In September 2014, the streets of Sanaa were convulsed by protests. The government of Abdrabu Mansour Hadi had reformed fuel subsidies, leading to a rise in petrol prices – and to thousands of protesters on the streets of the capital.
Within weeks, Sanaa had fallen to the Houthi rebels from the north.
It was the mass protests by Yemenis of all political stripes against the rise in fuel subsidies that opened the door to the Houthi takeover of Sanaa and then to the group’s attempts to take over the entire country.
A similar window has just opened in Iraq. If Iraq’s government is not careful, it is possible that the popular anger of Iraqis could be hijacked for an assault on the state itself. Iraqis today are justifiably angry.
War and corruption have taken a brutal toll on daily life in the country. Large parts of the country are under the control of ISIL. But, as with Lebanon, it was something more pros
aic, and thus essential, that pushed thousands to protest – a lack of electricity during the heat of summer.
Yemen was in this position last year. Popular protests started over something prosaic and vital, but were soon hijacked by Houthi rebels. Firstly speaking in the name of all Yemenis, the Houthis organised protest camps in the capital.
It was only later that it became clear their real intention was not to change the subsidies law, but to change the government itself. Here is the danger in Iraq.
The protests in Iraq show no sign of abating. Even the announcement by Haider Al Abadi two weeks ago of widespread reforms has not calmed them – on the contrary, the protests have increased, offering support for Mr Al Abadi to push those reforms through.
But having raised the expectation of a swift resolution through far-reaching changes, it isn’t immediately obvious that Mr Al Abadi will be able to reform quickly enough to placate the Iraqi protesters.
Already, the situation in Iraq is escalating. Last Friday was the first time that supporters of Muqtada Al Sadr, a powerful Shia cleric, joined the protests. The protests in Baghdad swelled to be the biggest this summer, with Al Sadr supporters also rallying in Najaf and the southern port city of Basra.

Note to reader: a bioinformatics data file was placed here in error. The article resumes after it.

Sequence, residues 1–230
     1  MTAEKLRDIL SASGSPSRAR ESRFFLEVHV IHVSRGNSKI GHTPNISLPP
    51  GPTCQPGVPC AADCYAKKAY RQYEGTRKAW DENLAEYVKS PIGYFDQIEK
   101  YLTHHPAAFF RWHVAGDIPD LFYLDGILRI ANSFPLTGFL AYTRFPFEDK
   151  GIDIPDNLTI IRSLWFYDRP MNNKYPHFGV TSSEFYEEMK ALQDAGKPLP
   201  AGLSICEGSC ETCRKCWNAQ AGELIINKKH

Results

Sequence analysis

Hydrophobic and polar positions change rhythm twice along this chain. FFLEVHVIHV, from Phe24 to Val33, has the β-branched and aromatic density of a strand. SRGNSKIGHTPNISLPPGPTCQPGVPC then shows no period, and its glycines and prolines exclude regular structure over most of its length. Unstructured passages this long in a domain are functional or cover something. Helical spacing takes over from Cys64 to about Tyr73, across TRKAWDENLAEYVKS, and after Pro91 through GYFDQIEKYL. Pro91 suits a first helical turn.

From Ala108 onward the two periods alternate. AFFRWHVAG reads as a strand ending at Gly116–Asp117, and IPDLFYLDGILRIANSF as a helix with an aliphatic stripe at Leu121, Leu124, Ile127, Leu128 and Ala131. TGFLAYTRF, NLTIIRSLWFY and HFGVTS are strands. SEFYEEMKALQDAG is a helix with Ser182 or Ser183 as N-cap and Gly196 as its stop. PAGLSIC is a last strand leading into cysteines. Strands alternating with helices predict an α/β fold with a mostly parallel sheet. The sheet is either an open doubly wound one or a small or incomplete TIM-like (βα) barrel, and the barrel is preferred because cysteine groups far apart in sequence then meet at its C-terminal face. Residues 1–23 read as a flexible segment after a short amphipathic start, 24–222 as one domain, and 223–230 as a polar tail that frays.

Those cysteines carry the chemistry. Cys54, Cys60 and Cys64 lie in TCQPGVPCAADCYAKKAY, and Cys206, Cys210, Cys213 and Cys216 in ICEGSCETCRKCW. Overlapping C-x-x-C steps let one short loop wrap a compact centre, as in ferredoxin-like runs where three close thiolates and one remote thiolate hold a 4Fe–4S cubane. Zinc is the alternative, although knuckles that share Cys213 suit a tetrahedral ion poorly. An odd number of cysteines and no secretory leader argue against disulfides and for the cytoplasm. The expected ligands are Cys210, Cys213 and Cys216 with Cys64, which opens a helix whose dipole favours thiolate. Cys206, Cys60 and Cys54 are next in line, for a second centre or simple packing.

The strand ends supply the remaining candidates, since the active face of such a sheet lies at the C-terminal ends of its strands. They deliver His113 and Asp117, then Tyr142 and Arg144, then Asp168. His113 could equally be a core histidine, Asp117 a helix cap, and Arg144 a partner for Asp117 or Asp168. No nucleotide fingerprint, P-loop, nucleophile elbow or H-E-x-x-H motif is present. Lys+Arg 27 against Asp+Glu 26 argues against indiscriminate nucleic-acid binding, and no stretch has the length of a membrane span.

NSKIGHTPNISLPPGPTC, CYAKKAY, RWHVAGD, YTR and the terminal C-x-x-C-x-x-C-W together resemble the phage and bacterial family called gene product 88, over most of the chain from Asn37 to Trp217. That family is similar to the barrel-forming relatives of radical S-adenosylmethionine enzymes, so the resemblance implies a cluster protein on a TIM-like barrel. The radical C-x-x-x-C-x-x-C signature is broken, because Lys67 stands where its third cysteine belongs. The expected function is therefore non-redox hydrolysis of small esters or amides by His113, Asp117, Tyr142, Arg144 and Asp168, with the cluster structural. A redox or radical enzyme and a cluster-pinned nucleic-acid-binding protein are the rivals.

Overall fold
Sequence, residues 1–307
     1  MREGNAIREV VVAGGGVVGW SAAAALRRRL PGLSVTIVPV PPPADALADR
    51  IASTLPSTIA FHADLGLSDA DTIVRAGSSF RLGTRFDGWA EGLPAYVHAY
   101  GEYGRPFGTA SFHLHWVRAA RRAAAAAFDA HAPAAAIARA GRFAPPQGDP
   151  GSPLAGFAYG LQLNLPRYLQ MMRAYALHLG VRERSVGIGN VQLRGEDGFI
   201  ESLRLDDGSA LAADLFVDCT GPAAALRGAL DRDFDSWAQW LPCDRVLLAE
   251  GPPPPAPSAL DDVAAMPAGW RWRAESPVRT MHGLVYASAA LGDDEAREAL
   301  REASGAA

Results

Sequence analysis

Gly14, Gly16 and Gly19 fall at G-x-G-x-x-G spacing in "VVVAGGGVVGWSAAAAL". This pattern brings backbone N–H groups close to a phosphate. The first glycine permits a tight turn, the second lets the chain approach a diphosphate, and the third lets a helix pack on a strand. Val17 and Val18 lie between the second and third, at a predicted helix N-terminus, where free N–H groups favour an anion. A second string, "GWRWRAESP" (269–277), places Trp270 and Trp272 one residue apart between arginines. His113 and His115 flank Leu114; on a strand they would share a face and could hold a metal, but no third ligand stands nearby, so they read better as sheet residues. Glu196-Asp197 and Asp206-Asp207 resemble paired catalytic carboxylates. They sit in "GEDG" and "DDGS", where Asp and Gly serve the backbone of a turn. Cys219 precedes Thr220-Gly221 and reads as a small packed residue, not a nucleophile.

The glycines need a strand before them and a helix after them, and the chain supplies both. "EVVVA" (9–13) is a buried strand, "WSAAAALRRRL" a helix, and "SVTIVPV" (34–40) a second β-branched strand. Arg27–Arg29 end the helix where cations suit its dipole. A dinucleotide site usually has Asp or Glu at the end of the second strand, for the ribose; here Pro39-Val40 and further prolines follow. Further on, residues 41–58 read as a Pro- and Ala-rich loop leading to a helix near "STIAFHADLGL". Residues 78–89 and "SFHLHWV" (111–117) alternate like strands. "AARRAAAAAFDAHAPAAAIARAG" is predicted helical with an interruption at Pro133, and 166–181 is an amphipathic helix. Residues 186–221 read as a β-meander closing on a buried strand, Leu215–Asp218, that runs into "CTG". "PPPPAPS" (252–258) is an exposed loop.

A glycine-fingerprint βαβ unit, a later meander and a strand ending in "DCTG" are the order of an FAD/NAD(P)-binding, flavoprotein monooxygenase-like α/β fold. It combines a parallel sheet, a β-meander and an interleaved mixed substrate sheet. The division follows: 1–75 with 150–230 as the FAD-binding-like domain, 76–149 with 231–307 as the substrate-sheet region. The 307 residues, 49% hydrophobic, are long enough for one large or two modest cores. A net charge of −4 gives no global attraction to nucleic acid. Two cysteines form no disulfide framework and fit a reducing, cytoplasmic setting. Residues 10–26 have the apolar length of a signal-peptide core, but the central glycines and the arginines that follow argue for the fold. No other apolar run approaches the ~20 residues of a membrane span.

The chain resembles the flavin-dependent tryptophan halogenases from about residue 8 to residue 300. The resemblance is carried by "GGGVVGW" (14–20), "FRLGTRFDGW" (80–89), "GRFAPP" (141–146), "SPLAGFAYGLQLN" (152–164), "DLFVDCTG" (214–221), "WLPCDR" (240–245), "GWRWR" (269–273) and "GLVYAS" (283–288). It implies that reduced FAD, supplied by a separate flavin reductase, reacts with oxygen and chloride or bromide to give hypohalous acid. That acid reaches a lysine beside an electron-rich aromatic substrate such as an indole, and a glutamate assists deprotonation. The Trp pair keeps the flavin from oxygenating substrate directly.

The danger is that the entry of Al Sadr’s supporters (and members of his Al Sadr Brigades) could change the tone of the protests from being about Iraq as a whole to being merely about one sect. At the moment, the protests have not been about sect, nor about political party, but about Iraq as a whole.
The protesters have rallied in support of the prime minister, who is Shia, and have been supported by Ayatollah Ali Al Sistani, the country’s top Shia cleric.
But the protests have not been sectarian. The entry of Al Sadr raises the possibility that the protests could turn from supporting Mr Al Abadi to expressing anger against him, especially if reforms stall or face unexpected opposition.
What happens then? What happened in Yemen was that the Houthi rebels were able to piggyback on the genuine popular anger and argue that only by reforming Mr Hadi’s government could the necessary changes take place.
“Reforming” soon became replacing, and eventually Mr Hadi was placed under house arrest, and the Houthis declared themselves in charge and launched an assault upon Aden.
None of that is inevitable. But a space in Iraq’s politics of protest has opened with the expansion of protests. Were the protests to turn confrontational or violent, the momentum of Mr Al Abadi’s administration would be sidetracked.
The government’s attention, and that of the protesters, would then be taken up by the confrontations themselves, rather than on the reform package recently announced.
Unsurprisingly, the sidetracking of those reforms would be welcomed precisely by those who stand to lose – in particular former prime minister Nouri Al Maliki, who will lose his position as one of three vice-presidents.
Mr Al Maliki has also been named by an Iraqi report as a senior official who should stand trial over the loss of Mosul to ISIL last summer.
Since it will be Mr Al Abadi, Mr Al Maliki’s rival for their political party, who has the power to enforce or ignore that report, it would clearly be in the interests of Mr Al Maliki to ensure the prime minister’s reforms are not carried out.
There is great anger in Iraq. As long as it remains focused on reforming Iraq’s political system, there is a chance those reforms will go through, even against the wishes of the dominant political class.
But if that popular anger is sidetracked, the result could be worse than merely political inaction.
by Faisal Al Yafai